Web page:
For those of us who are involved in the World History Association or are participants in the AP World History Reading, the highlight of this book may well be the closing essay by Jerry Bentley. For readers who are not involved in these organizations, it would be difficult to overstate the impact that Jerry Bentley had on the field and, more importantly, on us as individuals. Jerry's untimely passing in 2012 was a tremendous blow to our field. He had been at work on his chapter for this book when he passed away after a brief illness. Thanks to his widow, Carol Mon Lee, and his friend, Alan Karras, this essay has been published as his final gift to World History. In there the reader will find his final thoughts about moving World History in a direction that brings in more cultural history, as he traces the development of his ideas about religious history from his childhood piety through rejection of organized religion in the university years, to a newfound appreciation of Italian Renaissance figures. The essay was left unfinished, and Karen Louise Jolly kindly authored a sequel in the voice of Jerry to complete the volume.

     The bookshelf that contains works covering recent World historiography is growing, though perhaps slower than the field itself. While there are other worthy treatments of the subject, Architects combines a personal and theoretical approach that is as eminently readable as it is memorable. Graduate students in World History will devour this text, with its personal narratives of the coming of age of World Historians, a process that they themselves participate in. Other scholars and teachers will benefit from these stories, as will upper division undergraduates enrolled in one of the many new seminars appearing in World historiography. But in the end, let us think of this book as an example of what we do best as historians: telling meaningful stories about people who learn to make a difference in the world. For that reason alone, this book is to be commended to a wide readership.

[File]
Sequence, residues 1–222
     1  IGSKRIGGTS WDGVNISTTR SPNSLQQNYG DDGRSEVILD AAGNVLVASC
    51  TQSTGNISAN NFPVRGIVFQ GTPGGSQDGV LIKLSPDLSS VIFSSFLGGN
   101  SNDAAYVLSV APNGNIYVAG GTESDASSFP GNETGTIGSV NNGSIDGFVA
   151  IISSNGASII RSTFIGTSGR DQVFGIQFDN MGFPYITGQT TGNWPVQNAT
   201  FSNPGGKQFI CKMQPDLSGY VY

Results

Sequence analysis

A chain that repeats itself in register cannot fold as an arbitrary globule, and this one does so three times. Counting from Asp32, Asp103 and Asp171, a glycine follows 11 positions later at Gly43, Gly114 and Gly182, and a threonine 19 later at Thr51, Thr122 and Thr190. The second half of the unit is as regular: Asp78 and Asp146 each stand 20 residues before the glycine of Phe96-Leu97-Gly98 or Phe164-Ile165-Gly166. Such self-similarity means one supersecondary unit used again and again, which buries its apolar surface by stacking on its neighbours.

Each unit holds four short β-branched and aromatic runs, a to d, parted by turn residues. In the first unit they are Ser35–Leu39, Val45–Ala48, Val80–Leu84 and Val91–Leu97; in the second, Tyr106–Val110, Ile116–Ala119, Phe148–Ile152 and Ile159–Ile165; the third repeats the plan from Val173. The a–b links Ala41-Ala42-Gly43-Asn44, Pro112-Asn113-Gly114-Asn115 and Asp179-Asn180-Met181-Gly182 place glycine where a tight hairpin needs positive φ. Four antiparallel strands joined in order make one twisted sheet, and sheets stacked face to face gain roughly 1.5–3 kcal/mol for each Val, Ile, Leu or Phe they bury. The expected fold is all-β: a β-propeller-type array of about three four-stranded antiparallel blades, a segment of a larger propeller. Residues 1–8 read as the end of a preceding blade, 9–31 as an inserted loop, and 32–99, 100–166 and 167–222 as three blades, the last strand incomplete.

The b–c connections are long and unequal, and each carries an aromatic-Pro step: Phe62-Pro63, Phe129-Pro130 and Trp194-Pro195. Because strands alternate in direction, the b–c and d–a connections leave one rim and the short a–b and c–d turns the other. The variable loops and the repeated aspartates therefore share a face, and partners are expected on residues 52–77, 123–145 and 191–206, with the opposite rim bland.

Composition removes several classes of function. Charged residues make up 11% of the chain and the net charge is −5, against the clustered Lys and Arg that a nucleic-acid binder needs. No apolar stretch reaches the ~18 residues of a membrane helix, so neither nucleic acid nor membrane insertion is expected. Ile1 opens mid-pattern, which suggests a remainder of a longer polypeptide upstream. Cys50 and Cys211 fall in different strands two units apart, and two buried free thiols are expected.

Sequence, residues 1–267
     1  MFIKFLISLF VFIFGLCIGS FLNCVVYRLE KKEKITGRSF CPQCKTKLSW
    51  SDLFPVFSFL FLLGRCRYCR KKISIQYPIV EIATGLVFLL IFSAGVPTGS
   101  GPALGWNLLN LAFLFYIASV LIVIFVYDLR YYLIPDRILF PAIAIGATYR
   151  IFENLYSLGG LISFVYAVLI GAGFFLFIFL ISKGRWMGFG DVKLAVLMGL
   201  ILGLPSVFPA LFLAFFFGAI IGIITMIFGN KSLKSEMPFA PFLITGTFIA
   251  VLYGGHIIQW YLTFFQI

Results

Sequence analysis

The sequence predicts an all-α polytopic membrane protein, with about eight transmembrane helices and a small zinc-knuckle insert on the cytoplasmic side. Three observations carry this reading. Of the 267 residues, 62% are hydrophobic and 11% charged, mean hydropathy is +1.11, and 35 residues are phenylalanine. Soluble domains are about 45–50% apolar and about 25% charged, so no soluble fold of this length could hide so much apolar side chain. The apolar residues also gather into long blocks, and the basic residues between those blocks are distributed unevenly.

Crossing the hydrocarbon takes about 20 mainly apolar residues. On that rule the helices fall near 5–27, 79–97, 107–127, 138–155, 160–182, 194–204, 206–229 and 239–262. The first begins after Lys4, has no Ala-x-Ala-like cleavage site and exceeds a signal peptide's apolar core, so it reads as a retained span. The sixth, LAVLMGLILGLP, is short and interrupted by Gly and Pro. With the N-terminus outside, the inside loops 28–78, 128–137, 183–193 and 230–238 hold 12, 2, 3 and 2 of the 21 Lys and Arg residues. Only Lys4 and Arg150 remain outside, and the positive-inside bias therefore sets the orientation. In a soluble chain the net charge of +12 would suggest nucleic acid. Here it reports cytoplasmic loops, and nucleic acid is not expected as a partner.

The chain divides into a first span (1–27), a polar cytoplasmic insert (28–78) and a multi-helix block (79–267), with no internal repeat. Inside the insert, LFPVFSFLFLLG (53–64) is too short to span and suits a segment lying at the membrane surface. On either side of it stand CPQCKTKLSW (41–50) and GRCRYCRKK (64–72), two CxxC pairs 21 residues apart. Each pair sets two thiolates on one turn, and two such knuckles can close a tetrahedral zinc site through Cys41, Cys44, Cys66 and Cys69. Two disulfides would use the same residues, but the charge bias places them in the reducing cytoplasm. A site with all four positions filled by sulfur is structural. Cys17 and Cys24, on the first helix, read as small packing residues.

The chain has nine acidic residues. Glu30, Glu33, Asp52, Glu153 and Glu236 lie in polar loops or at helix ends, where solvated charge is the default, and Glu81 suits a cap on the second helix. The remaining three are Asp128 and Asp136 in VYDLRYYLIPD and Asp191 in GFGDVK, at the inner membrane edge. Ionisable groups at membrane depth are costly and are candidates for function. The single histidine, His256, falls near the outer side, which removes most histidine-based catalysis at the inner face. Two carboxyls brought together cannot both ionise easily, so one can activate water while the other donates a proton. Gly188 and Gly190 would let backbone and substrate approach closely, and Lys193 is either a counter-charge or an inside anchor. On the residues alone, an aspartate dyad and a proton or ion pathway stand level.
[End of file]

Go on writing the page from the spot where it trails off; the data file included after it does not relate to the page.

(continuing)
Rick Warner is chair of the History Department at Wabash College in Crawfordsville, Indiana. He has worked with the Advanced Placement World History course since 2003, and serves as President of the World History Association (2016-2017). He can be reached at



1 J.R. McNeill and William H. McNeill, The Human Web (New York: Norton, 2003).

2 Kenneth Pomeranz, The Great Divergence: China, Europe, and the Making of the Modern World Economy, (Princeton, NJ: Princeton University Press, 2000).

3 Kerry Ward, Networks of Empire: Forced Migration in the Dutch East India Company, (New York: Cambridge University Press, 2009).